This Blog is the sixth in a series of posts on Cerebral Palsy (CP) and its relation to medical malpractice. To obtain more information on CP, please reference our previous blog posts explaining CP, its causes, signs and symptoms, different types and diagnosis.
Wagners has extensive experience in medical malpractice and complex litigation, and has represented clients throughout Nova Scotia, New Brunswick and PEI. Wagners has been successful in many birth trauma cases, and has obtained for its clients the much needed and lifelong financial support for families with children of CP.
Can Cerebral Palsy be Prevented?
Although in many instances CP is not preventable, in some cases CP is caused by injury to the infant brain during labour and delivery that could have been prevented by adequate medical care and attention.
Medical malpractice claims arise where the hospital, nurses and treating physicians do not identify and properly manage the risks of CP, or where improper medical care results in infant brain injury. Errors by nurses or doctors that may give rise to a medical malpractice claim include the following:
- not diagnosing and treating maternal infection;
- improper assessment of the mother and/or baby’s vital signs;
- not initiating an emergency and timely C-section;
- improperly using vacuum extraction or forceps during delivery;
- not recognizing or quickly responding to signs of fetal distress;
- not detecting that the umbilical cord is wrapped around a baby’s neck, cutting off oxygen to the brain;
- not ensuring that the fetus has adequate oxygen;
- not treating jaundice in a newborn infant; and
- not properly identifying or managing shoulder dystocia.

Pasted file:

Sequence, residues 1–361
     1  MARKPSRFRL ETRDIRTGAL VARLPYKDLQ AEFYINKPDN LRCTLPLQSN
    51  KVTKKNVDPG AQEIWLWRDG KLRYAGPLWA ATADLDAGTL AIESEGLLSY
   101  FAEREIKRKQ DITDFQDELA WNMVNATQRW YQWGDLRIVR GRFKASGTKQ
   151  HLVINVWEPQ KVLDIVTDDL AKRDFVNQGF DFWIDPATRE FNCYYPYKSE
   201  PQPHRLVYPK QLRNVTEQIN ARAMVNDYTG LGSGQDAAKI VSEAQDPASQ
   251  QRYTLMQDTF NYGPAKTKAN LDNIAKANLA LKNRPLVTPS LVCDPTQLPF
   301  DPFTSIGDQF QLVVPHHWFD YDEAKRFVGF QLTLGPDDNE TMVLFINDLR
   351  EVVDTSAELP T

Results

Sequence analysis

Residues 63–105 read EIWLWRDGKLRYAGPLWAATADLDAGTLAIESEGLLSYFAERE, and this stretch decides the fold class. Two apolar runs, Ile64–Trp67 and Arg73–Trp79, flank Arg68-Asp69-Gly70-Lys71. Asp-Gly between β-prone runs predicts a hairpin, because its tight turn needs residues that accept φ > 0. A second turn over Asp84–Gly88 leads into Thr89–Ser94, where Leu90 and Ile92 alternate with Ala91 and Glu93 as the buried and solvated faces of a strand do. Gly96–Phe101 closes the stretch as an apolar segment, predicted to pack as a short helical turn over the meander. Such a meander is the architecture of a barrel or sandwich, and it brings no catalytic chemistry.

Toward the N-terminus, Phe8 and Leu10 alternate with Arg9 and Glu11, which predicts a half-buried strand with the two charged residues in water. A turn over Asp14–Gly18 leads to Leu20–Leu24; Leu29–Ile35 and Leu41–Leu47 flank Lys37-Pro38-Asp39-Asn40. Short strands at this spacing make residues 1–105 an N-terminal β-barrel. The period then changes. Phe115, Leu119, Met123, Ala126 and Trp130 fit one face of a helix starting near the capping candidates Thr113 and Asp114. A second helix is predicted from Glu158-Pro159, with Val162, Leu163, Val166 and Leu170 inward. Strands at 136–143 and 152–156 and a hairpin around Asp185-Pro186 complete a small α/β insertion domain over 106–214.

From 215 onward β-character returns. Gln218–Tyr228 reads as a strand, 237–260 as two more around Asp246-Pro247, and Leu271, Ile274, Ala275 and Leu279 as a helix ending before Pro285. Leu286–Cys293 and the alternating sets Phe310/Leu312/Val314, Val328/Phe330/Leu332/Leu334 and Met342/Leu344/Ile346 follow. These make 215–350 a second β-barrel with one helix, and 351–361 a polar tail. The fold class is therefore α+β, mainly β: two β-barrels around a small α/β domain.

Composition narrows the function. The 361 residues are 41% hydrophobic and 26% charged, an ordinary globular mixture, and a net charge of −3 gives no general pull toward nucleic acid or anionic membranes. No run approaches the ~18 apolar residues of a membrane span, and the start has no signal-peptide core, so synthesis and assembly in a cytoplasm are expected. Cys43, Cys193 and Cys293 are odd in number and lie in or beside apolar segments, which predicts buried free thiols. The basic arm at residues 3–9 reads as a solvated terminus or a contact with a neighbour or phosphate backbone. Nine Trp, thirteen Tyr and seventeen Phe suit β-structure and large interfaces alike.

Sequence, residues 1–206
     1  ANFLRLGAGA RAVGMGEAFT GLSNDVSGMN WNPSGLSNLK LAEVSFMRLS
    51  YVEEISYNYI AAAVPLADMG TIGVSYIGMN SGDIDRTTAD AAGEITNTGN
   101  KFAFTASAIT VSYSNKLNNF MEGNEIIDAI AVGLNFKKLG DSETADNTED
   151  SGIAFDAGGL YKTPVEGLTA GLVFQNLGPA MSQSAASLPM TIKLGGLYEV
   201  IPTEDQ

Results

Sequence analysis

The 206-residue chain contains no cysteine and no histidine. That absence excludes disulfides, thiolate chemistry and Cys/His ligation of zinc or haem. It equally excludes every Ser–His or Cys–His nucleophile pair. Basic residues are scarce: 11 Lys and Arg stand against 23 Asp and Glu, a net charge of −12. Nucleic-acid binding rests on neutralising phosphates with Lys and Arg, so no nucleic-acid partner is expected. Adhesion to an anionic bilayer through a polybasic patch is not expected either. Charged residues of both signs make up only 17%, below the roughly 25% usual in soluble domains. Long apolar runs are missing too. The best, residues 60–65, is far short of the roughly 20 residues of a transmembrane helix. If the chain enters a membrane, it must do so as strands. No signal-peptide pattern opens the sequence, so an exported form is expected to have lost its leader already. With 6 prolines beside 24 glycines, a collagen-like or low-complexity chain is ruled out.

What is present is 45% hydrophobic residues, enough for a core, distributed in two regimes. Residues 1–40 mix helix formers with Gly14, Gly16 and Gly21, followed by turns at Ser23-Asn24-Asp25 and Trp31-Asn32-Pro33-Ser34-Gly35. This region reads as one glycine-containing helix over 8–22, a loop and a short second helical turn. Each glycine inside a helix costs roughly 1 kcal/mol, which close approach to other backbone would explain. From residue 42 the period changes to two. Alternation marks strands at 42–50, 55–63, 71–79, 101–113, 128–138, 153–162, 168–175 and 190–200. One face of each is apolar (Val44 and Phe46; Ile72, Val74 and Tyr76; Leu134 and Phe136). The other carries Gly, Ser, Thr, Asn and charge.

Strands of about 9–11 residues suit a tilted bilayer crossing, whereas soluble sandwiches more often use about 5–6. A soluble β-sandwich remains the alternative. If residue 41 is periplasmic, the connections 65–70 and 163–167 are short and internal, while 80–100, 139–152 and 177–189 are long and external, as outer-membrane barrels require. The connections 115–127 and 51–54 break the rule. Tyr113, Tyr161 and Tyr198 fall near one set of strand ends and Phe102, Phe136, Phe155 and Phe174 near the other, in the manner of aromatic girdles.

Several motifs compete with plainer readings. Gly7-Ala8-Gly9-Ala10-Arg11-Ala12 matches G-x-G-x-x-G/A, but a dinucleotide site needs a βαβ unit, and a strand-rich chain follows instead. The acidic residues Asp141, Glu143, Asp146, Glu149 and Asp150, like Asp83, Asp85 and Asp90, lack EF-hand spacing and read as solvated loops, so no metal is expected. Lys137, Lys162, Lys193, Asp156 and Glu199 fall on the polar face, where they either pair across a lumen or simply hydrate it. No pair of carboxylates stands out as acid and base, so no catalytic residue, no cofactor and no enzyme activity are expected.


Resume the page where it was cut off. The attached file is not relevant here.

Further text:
How is Cerebral Palsy Treated?
There is no cure for CP, and although it is not a progressive disorder, the symptoms can become increasingly severe over time.
Supportive treatments, medications, and surgery help many individuals. Supportive treatments may include physical therapy, occupational therapy, and speech therapy. External braces and other assistive technology are often helpful. Certain medications may be prescribed to help relax stiff muscles. Surgery may include lengthening muscles and cutting overly active nerves.
The ability to live independently with CP varies widely, depending partly on the severity of each person’s impairment. Some individuals with CP only need assistance with certain activities, and others with significant physical disability require personal, 24 hour-a-day care assistants for all activities of daily living.
All of these above treatments involved in the care for a child with CP can be extremely costly. In fact, the lifetime cost of rehabilitative and assistive aids to help CP sufferers commonly runs into the millions of dollars.
If you suspect your child’s CP may be a result of medical malpractice, you may be eligible to seek compensation for the losses incurred by you and your family, including pain and suffering, medical expenses, and past and future treatment costs.
Please do not hesitate to call Wagners if you have further questions about medical malpractice and CP and would like to consult with a lawyer.